The next wave of offensive talent for Carolina is being developed in Charlotte, and now another highly-touted rookie is joining the mix.

Janne Kuokkanen, a second-round pick from 2016, is only a year removed from his lone season starring for the London Knights of the Ontario Hockey League, but he impressed enough over the summer to make the Hurricanes’ opening night roster.

“I had a good preseason,” said Kuokkanen. “I felt good in my first games.”

Injuries up front opened the door for the 19-year-old to stick around for an extended period of time with Carolina, but through the team’s first 10 games of the season Kuokkanen only appeared in four, serving as a healthy extra more often than not.

Given his age and experience level, the decision was made to assign the rookie to the AHL where he could properly develop his game.

“They told me that it’s good for me to get some ice time and get some scoring,” said Kuokkanen. “It’s not good for young players to sit for lots of games in a row.”

This, of course, isn’t the forward's first time with the Checkers. Kuokkanen joined the team last season after his Knights were eliminated and spent the opening round of the Calder Cup playoffs with Charlotte, making his North American pro debut in Game 3.

Despite it being a short stint, Kuokkanen’s time in the AHL proved to be a jumping-off point to his early success this year.

“Oh yeah it was great,” said Kuokkanen. “I spent a week here and I learned what it is to be a pro athlete. So now I’m here and it’s easier to start to work.”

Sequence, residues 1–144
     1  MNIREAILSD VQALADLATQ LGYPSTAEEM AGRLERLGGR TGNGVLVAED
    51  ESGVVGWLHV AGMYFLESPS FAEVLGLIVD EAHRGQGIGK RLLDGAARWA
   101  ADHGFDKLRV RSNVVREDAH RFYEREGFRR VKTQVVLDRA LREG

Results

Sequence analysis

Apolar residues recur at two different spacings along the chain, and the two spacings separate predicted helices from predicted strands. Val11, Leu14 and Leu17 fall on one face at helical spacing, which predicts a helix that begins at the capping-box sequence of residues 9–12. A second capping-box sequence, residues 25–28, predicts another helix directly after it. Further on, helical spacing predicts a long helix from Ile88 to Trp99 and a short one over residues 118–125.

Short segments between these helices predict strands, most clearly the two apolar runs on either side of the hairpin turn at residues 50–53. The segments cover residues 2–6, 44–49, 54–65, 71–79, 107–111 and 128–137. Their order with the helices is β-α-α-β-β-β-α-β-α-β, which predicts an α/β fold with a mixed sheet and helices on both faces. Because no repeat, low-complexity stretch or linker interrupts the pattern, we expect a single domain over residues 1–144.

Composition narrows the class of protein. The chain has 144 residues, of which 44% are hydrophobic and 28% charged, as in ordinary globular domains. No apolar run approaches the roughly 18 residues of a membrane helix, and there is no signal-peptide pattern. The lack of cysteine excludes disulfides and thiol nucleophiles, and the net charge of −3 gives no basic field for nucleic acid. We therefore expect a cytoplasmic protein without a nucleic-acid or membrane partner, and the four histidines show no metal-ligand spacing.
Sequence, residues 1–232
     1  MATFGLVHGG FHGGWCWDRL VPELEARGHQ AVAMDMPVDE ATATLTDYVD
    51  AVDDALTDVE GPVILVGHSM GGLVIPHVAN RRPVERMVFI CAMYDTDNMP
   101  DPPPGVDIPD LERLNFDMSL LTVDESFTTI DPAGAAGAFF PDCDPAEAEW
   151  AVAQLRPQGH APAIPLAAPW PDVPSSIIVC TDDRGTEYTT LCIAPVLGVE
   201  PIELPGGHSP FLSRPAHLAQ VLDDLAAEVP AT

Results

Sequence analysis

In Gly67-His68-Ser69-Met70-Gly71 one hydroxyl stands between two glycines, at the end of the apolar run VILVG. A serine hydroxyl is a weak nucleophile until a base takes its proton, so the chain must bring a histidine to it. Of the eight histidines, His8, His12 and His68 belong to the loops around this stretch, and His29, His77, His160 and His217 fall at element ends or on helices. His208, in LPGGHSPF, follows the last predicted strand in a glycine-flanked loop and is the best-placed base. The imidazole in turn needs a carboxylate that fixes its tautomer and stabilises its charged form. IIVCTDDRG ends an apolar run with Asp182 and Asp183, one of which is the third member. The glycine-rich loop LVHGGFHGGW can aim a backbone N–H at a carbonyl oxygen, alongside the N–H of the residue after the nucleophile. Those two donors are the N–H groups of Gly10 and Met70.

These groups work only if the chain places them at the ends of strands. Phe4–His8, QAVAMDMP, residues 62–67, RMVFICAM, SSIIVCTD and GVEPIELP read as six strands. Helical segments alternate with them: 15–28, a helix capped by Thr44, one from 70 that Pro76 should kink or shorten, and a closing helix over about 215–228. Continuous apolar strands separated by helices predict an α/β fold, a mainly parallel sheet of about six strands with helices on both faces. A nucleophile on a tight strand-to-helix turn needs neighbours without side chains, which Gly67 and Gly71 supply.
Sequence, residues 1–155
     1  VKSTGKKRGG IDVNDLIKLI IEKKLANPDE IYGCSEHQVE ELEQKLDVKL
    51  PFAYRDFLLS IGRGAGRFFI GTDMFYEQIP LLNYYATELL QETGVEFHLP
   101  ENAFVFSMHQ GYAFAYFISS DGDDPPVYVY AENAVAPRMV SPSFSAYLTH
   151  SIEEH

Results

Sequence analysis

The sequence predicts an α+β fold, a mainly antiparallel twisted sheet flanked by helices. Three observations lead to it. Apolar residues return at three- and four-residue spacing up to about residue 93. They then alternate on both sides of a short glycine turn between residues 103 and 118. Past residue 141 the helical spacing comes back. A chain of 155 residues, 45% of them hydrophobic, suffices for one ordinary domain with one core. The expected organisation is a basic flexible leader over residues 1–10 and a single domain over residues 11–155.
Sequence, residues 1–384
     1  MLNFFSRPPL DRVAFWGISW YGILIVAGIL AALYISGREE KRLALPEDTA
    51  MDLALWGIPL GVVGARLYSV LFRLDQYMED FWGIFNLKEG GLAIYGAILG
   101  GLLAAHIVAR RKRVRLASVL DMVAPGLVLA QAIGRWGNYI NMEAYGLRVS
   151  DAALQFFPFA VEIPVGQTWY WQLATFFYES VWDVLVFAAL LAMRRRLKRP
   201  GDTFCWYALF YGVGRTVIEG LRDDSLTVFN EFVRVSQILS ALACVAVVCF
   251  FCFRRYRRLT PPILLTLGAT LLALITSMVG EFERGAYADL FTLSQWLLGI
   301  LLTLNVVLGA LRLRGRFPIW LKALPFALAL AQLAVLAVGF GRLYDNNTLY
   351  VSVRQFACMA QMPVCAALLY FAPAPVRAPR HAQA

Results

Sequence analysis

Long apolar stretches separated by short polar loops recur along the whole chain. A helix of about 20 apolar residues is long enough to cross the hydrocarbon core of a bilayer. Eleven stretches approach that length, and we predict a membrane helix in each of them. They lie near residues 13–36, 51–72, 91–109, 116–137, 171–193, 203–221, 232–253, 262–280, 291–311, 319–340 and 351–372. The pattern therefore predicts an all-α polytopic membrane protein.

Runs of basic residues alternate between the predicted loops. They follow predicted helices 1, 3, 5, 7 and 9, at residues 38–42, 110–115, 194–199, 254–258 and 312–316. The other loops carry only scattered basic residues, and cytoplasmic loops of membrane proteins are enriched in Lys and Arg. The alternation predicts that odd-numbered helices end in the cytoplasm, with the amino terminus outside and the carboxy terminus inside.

Kuokkanen will be a rare teenager in the AHL, but has shown over the first month of the season that he’s not out of his element in either zone in the pro game.

“He’s a good hockey player,” said Checkers assistant coach Peter Andersson. “He’s got good skill.”

“I can bring some offensive play,” said Kuokkanen. “But I’m a smart player in the D zone too.”

The Finnish-born center hops onto a Checkers team that has quickly proven to be offensively gifted from top to bottom, so the addition of the young skater only improves that.

“We have a pretty good team here,” said Kuokkanen. “I played with some of these guys in Traverse City a couple of times. There’s lots of skill, lots of power, lots of speed. I’m really happy to be a part of that.”

It can sometimes be tough for young players who make the NHL out of camp to transition to the AHL, but that will be a key to Kuokkanen’s continued growth as a pro.

“Of course he would like to still be up there,” said Andersson. “But that’s the way hockey is. He has to come down here and work hard and be productive. He’ll be seeing a lot of ice time and he’s a young player so he needs that.”

Heading into what could shape up to be the Checkers’ toughest road trip of the year, Kuokkanen should have no problem meshing with his new club.

“He’s going to fit in good,” said Andersson. “He’s a good hockey player so you could fit him into whatever kind of team you have. A good player is always a good fit.”